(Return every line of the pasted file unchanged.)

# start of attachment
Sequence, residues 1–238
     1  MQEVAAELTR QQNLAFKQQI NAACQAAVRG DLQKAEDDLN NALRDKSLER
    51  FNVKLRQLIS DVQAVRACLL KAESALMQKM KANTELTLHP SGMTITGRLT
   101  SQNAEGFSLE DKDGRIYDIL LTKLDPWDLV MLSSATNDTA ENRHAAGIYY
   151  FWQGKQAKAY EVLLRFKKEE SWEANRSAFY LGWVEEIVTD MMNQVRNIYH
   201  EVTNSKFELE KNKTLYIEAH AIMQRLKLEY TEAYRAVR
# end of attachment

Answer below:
Sequence, residues 1–238
     1  MQEVAAELTR QQNLAFKQQI NAACQAAVRG DLQKAEDDLN NALRDKSLER
    51  FNVKLRQLIS DVQAVRACLL KAESALMQKM KANTELTLHP SGMTITGRLT
   101  SQNAEGFSLE DKDGRIYDIL LTKLDPWDLV MLSSATNDTA ENRHAAGIYY
   151  FWQGKQAKAY EVLLRFKKEE SWEANRSAFY LGWVEEIVTD MMNQVRNIYH
   201  EVTNSKFELE KNKTLYIEAH AIMQRLKLEY TEAYRAVR